Journal of Periodontology 01/2013; · 2.57 Impact Factor
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    ABSTRACT: (-)-epigallocatechin-3-gallate (EGCG) has been reported to exert anti-inflammatory and antibacterial effects in periodontitis. However, its exact mechanism of action has yet to be determined. The present in vitro study evaluated the anti-inflammatory effects of EGCG on human periodontal ligament fibroblasts (hPDLFs) and human periodontal ligament stem cells (hPDLSCs) affected by bacterial lipopolysaccharide (LPS) extracted from Porphyromonas gingivalis. hPDLFs and hPDLSCs were extracted from healthy young adults and were treated with EGCG and/or P. gingivalis LPS. After 1, 3, 5, and 7 days from treatment, cytotoxic and proliferative effects were evaluated using a 3-(4,5-dimethylthiazol-2-yl)-2,5-diphenyltetrazolium bromide assay and bromodeoxyuridine assay, respectively. And then, the gene expressions of hPDLFs and hPDLSCs were observed for interleukin (IL)-1β, IL-6, tumor necrosis factor (TNF)-α, osteoprotegerin (OPG), receptor activator of nuclear factor kappa-B ligand (RANKL), and RANKL/OPG using real-time polymerase chain reaction (PCR) at 0, 6, 24, and 48 hours after treatment. The experiments were performed with the following groups for hPDLFs and hPDLSCs; 1) No treat, 2) EGCG alone, 3) P. gingivalis LPS alone, 4) EGCG+P. gingivalis LPS. The 20 µM of EGCG and 20 µg/mL of P. gingivalis LPS had the lowest cytotoxic effects, so those concentrations were used for further experiments. The proliferations of hPDLFs and hPDLSCs increased in all groups, though the 'EGCG alone' showed less increase. In real-time PCR, the hPDLFs and hPDLSCs of 'EGCG alone' showed similar gene expressions to those cells of 'no treat'. The gene expressions of 'P. gingivalis LPS alone' in both hPDLFs and hPDLSCs were highly increased at 6 hours for IL-1β, IL-6, TNF-α, RANKL, and RANKL/OPG, except the RANKL/OPG in hPDLSCs. However, those increased gene expressions were down-regulated in 'EGCG+P. gingivalis LPS' by the additional treatment of EGCG. Our results demonstrate that EGCG could exert an anti-inflammatory effect in hPDLFs and hPDLSCs against a major pathogen of periodontitis, P. gingivalis LPS.
    Journal of periodontal & implant science 12/2012; 42(6):185-95.
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    ABSTRACT: For periodontal tissue engineering, it is a primary requisite and a challenge to select the optimum types of cells, properties of scaffold, and growth factor combination to reconstruct a specific tissue in its natural form and with the appropriate function. Owing to fundamental disadvantages associated with using a two-dimensional substrate, several methods of seeding cells into three-dimensional scaffolds have been reported and the authors have asserted its usefulness and effectiveness. In this study, we explore the cell attachment of periodontal ligament fibroblasts on nanohydroxyapatite (n-HA) scaffold using avidin biotin binding system (ABBS). Human periodontal ligament fibroblasts were isolated from the health tooth extracted for the purpose of orthodontic procedure. HA nanoparticles were prepared and Ca(NO(3))(2)-4H(2)O and (OC(2)H(5))(3)P were selected as precursors of HA sol. The final scaffold was 8 mm in diameter and 3 mm in height disk with porosity value of 81.55%. 1×10(5) periodontal ligament fibroblasts were applied to each scaffold. The cells were seeded into scaffolds by static, agitating and ABBS seeding method. The number of periodontal ligament fibroblasts attached was greater for ABBS seeding method than for static or agitating method (P<0.05). No meaningful difference has been observed among seeding methods with scanning electron microscopy images. However, increased strength of cell attachment of ABBS could be deduced from the high affinity between avidin and biotin (Kd=10(-15) M). The high-affinity ABBS enhances the ability of periodontal ligament fibroblasts to attach to three-dimensionally constructed n-HA scaffolds.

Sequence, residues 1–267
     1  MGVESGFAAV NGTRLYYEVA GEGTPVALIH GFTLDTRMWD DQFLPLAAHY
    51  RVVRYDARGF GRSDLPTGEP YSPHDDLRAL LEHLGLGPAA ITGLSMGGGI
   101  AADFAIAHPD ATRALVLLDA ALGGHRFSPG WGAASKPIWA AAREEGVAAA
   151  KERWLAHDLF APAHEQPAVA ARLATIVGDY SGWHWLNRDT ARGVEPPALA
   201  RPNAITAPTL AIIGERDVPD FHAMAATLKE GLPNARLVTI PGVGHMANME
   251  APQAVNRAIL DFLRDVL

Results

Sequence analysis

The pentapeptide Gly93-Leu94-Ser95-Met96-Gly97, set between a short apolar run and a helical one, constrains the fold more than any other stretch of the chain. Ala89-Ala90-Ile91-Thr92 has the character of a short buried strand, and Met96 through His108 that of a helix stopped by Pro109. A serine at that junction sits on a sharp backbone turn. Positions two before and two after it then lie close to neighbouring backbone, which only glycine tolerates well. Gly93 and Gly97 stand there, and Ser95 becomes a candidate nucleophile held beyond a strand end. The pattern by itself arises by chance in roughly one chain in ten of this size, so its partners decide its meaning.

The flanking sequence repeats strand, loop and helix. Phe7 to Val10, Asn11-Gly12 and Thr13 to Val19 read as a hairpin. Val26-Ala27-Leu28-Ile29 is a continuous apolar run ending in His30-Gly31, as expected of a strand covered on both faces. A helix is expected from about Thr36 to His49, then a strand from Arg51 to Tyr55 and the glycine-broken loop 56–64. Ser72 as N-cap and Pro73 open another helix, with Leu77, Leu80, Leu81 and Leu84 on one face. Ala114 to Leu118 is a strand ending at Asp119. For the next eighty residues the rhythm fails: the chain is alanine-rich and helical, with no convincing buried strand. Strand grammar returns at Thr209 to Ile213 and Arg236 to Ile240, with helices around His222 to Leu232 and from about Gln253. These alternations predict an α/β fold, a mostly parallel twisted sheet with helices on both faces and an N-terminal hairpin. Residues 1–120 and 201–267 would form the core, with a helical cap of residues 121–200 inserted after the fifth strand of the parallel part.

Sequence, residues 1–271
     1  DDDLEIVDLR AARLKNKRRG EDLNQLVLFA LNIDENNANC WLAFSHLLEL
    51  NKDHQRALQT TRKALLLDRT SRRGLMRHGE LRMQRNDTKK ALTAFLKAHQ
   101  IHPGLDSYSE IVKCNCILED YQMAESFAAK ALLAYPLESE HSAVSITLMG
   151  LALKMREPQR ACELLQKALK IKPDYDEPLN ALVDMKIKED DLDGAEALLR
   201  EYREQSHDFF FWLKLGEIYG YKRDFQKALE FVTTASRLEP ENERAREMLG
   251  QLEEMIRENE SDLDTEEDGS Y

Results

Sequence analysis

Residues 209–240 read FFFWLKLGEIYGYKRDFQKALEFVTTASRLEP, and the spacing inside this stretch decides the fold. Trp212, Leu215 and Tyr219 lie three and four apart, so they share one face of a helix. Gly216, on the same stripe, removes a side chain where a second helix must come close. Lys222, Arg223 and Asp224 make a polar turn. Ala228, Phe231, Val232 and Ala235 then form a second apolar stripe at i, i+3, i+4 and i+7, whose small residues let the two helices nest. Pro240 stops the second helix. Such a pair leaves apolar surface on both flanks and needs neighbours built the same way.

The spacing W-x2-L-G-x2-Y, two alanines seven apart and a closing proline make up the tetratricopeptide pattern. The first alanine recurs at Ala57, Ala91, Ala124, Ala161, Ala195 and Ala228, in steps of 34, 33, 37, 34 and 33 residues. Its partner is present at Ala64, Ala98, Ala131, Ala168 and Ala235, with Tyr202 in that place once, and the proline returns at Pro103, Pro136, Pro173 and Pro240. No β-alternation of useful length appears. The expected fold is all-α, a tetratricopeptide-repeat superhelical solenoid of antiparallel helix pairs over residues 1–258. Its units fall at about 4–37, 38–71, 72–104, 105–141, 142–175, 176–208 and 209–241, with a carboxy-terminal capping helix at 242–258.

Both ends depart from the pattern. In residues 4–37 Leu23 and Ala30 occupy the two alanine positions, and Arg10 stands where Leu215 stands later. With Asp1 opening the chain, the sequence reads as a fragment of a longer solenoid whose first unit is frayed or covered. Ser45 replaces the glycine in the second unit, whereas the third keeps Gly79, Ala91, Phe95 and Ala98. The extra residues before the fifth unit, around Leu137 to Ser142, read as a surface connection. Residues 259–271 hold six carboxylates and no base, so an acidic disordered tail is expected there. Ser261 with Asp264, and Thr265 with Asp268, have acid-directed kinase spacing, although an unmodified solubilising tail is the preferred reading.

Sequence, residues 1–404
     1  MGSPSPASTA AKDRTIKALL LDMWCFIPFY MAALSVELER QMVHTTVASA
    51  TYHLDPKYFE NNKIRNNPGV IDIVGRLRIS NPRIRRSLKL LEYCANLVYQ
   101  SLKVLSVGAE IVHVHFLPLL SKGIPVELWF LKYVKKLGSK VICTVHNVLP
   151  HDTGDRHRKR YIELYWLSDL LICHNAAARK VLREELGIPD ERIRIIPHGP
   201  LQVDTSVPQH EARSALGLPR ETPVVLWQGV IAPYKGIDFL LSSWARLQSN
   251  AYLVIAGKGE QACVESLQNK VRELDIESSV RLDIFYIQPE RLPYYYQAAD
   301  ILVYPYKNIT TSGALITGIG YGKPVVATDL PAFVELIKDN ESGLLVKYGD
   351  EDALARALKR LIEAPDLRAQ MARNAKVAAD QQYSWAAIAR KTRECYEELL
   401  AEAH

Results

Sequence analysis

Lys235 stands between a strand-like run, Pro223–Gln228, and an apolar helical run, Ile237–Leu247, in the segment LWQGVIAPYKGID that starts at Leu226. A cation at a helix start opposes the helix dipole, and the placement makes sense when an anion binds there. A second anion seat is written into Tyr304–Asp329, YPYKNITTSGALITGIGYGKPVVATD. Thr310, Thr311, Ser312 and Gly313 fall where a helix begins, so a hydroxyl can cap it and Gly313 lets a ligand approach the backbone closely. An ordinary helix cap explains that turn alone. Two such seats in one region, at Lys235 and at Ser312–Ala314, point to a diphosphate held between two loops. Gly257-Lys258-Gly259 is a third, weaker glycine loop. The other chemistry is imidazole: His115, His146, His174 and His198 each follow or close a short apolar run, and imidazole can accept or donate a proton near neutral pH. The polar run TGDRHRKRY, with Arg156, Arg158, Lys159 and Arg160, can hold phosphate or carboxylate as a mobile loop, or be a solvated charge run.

Journal of periodontal & implant science 04/2011; 41(2):73-8.
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    ABSTRACT: Mesenchymal stem cells (MSC) could be isolated from healthy periodontal ligaments (PDL). The aims of this study were to isolate and characterize human PDL stem cells (hPDLSCs) from inflamed PDL tissue, and to evaluate their regenerative potential. Inflamed hPDLSCs (ihPDLSCs) were isolated from the inflamed PDL tissue obtained from intra-bony defects during flap surgery, and characterized by immunohistochemical staining, colony-forming unit assay, fluorescence-activated cell sorting, and mRNA expression in comparison with healthy hPDLSCs obtained from extracted teeth for orthodontic purpose. The proliferative potential and migratory potential was evaluated, and compared with healthy hPDLSCs. Regenerative potential was assessed by an in vivo ectopic transplantation model. ihPDLSCs were successfully isolated and characterized as MSCs. Both ihPDLSCs and hPDLSCs were successfully differentiated under osteogenic/cementogenic and adipogenic microenvironment. The proliferative potential did not differ between healthy hPDLSCs and ihPDLSCs, while the migratory capacity was significantly increased in ihPDLSCs (p<0.05). Both groups exhibited new cementum-like tissue and related PDL fibre regeneration in an in vivo transplantation model. ihPDLSCs could be successfully isolated from inflamed PDL tissue, and they retained the regenerative potential for cementum and related PDL tissues.